Understanding Your Soil

The type of soil you have in your garden determines everything from how easy it is to dig to what kind of plants you can grow. Here's how to better understand what you've got.
From: DK Books - Design Your Garden
Use Organic Matter

Use Organic Matter

©2011, Dorling Kindersley Limited

2011, Dorling Kindersley Limited

Getting to know your soil is an essential part of the garden design process. The type of soil you have in your garden determines how well it retains water and nutrients, how easy it is to dig and the type of plants that thrive in it.

The arrangement of particles in the soil is known as its ‘‘structure.” Sandy soils are made up of relatively large particles that leave big gaps, or pores, between them, while clay soils comprise tiny particles separated by minute spaces. It is not the size of the particles but the size of the spaces that determines how well or badly the soil retains water and nutrients. For example, sandy soils are free-draining because the large gaps between the particles allow water to flow through quickly. And because plant nutrients are dissolved in water, sandy soils can be less fertile. 

The tiny pores between clay particles trap and hold water and nutrients. The downside is that clay soils become waterlogged very quickly, and the particles pack together in wet conditions when the soil is compressed, squeezing out the oxygen essential for plant growth. Walking on wet clay will further compact the soil.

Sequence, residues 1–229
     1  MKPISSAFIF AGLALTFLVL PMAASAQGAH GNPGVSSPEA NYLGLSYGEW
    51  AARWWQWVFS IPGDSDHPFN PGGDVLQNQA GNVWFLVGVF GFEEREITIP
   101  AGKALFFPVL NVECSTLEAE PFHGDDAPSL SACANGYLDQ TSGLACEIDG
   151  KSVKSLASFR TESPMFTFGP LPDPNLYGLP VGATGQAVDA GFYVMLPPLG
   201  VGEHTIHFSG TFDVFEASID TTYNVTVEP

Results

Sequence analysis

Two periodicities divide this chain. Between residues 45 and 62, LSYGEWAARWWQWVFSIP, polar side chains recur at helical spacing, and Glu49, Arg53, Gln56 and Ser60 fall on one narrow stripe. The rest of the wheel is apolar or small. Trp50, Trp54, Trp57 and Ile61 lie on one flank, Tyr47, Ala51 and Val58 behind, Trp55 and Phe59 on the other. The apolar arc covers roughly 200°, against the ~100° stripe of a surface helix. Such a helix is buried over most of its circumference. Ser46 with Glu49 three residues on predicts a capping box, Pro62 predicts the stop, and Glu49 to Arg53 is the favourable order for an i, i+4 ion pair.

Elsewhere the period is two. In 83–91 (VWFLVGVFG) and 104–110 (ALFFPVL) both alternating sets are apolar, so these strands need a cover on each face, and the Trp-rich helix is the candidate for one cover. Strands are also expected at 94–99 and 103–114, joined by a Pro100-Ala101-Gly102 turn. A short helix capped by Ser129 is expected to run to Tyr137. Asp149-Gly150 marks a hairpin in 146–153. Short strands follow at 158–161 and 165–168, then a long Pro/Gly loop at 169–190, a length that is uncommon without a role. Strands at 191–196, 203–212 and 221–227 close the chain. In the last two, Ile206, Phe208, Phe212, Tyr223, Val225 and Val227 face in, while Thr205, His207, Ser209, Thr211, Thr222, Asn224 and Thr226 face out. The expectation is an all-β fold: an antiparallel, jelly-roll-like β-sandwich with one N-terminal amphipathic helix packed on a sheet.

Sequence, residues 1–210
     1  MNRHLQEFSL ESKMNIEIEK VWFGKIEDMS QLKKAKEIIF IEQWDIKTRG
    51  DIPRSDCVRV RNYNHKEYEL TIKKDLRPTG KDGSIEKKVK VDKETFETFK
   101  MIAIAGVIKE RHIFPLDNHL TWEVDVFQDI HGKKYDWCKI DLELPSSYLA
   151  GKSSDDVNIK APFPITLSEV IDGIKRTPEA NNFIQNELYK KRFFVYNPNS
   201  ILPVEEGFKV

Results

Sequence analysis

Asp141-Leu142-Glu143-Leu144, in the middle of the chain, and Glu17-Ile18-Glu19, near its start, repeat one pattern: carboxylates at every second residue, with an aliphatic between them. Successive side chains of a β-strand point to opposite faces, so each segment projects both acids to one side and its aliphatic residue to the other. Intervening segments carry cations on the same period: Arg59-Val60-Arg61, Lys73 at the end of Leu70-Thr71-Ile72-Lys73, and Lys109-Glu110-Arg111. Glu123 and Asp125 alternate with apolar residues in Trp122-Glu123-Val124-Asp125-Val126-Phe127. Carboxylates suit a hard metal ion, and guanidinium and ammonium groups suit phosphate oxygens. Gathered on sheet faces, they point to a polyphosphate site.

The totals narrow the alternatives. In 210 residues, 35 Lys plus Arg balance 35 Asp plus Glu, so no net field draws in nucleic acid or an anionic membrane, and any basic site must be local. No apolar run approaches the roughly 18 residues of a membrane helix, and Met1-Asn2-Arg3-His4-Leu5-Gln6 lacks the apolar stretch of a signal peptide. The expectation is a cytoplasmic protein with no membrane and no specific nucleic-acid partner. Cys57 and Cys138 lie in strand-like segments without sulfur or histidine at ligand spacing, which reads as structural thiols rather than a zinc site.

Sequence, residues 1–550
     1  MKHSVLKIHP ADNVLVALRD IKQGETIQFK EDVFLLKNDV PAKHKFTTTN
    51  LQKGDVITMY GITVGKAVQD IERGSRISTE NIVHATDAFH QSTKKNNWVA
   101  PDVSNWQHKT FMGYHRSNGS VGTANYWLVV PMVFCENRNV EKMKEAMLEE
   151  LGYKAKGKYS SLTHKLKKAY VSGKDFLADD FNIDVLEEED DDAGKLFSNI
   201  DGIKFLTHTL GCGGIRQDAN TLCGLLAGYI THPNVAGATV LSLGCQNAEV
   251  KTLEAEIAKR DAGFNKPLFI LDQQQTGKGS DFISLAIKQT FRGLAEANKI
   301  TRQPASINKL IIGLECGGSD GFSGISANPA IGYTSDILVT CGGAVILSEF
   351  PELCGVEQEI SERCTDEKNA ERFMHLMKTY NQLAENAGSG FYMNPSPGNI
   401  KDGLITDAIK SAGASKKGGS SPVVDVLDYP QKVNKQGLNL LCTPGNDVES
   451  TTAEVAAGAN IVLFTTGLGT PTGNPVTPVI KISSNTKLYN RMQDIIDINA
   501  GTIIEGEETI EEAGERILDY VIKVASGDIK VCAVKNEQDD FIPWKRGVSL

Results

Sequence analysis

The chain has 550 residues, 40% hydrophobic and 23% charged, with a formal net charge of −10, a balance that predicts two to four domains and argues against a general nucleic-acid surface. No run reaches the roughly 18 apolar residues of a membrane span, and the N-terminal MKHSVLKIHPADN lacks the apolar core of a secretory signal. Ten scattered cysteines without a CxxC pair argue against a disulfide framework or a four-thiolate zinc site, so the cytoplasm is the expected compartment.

Most garden soils are made up of not just one type of soil but a mixture. The best soil is moist but well-drained, fertile and easy to dig!

What type of soil do you have? 

Sandy soil 

When rubbed between your fingers, sandy soil feels gritty and falls apart if you try to roll it into a ball. Coarse sand is free- draining, but very fine sand doesn’t drain well and can easily become compacted. Sandy soils are low in nutrients but easy to dig, which is why they are known as “light soils.” 

Clay soil 

This type of soil feels smooth and sticky, and can be rolled into a ball when wet. Clay is also porous and holds nutrients and water well, although plants cannot extract all of the moisture from clay, because an electrical charge on each of the particles holds it too tightly—rather like iron filings clinging to a magnet. 

Acidity and alkalinity 

Some plants, such as azaleas, only grow well on acidic soils, while others, such as acanthus, prefer alkaline conditions, so it is important to establish the pH (acidity or alkalinity) of your soil. Soil testing kits are available and easy to use. Take a few soil samples—the pH may differ throughout your yard.

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